So what’s up with all the contradictions? My guess is that SoulCycle is at this tension point where it’s no longer for the elite or just a trend, it’s part of today’s zeitgeist. It’s helped to form this new “health as wealth” culture. As much as SoulCyle seems like it’s for the rich and famous, more and more “regular” people are buying into it – despite the steep price – along with other boutique cycling chains or Barry’s Bootcamp and crossfit. Now, saying you do crossfit or carrying a SoulCycle bag is as much of a statement as carrying a Birkin Bag. These fitness crazes have become more than a trend, they are brands; they are a symbol of status. By carrying that SoulCycle bag you’re making a statement to the world that says, “I workout. I take care of myself. I’m healthy.”

But what does “healthy” even mean anymore. Pretty much every workout, recipe, beauty product has been tied to the word “healthy” or promises to make us “healthier” that the word is rendered meaningless. What we’re really talking about when we say we want to be healthy is that we’re aspiring to be better than we are now. To be thinner, faster, cleaner, more environmentally conscious. Not that those are bad things, but healthy is no longer just about a good BMI or cholesterol, it’s about an entire aspirational lifestyle. And that’s why we’re shelling out $35 a class for SoulCycle even though we can’t afford it or think it’s for the elite: because we too want to be better, thinner, faster, cleaner.

Social media – Pinterest and Instagram in particular – are also part of this “health as wealth” culture. How many pictures of green juices and avocado toast do you see in your feed every day? But how many people actually post a picture of the bag of Doritos or Coke they ate later because let’s be honest, no one gets full from a green juice. These channels are all about sharing your best moments, creating an aspirational brand of yourself on your best days, not your worst, or even mediocre moments.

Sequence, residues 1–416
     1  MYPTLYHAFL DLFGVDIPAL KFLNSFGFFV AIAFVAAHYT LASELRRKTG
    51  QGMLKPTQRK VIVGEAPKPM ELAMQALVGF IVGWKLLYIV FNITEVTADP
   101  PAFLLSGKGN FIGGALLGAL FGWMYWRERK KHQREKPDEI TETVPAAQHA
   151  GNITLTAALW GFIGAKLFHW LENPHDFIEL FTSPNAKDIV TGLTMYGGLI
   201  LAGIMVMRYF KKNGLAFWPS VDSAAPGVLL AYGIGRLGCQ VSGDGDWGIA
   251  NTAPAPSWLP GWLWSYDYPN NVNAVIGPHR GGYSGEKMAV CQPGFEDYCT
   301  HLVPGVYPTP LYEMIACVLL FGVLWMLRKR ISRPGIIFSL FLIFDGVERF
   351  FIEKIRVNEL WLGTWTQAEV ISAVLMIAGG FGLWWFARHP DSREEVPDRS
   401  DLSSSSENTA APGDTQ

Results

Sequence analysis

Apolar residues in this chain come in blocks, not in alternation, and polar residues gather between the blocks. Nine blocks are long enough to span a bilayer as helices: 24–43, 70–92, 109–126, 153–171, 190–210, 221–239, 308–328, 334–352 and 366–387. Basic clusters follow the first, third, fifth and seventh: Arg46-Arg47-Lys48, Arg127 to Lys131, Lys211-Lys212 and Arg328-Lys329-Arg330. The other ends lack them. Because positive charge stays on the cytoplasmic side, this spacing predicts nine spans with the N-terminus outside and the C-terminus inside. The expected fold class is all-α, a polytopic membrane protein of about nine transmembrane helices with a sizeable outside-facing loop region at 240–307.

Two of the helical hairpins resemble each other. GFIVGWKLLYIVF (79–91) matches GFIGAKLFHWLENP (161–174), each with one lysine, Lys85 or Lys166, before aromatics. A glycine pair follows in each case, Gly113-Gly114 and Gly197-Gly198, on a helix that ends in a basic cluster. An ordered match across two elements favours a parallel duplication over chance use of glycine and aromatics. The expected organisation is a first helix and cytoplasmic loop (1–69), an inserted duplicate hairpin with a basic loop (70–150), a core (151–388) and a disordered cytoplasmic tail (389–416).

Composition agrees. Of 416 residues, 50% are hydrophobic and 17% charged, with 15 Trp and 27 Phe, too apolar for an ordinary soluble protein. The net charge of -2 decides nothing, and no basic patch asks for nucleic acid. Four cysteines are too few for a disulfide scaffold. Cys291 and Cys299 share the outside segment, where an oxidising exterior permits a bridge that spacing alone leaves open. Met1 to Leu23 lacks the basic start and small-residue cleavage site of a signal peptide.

I think us Milliennials are especially susceptible to this aspirational culture. We were raised being told you can be anything you want to be, you can be the best at anything if you just try hard enough. We’ve also grown up with social media and constantly hear about the seemingly overnight success stories of start-ups and bloggers. Millennials are constantly seeking this better, more successful life/career/clothes/body/etc., but if we’re constantly striving and seeking, how do we know when we’re there?

This aspirational culture that the whole boutique health and fitness movement is part of definitely has its benefits. By constantly pushing ourselves to better ourselves, we in turn better the world and people around us. More and more great ideas and businesses are starting up everywhere. And I don’t think there’s a negative side to people exercising more, regardless if they paid $35 for it or not.

But I think what we need to be aware of – or at least I do – is are we running ourselves into the ground trying to be perfect and be the best at everything? We think being fit and having the perfectly decorated living room will make us happy, but in an aspirational culture like ours, once you have those things, there will always be something new to want. In a generation and culture that’s so ingrained in social media and success, we need to learn to take a step back, live in the moment, cut out the noise, do what works for YOU, be honest with yourself. After all, isn’t that what SoulCycle so famously preaches? Find Your Soul.

image via healthybex.com

My Go-To Gym Machines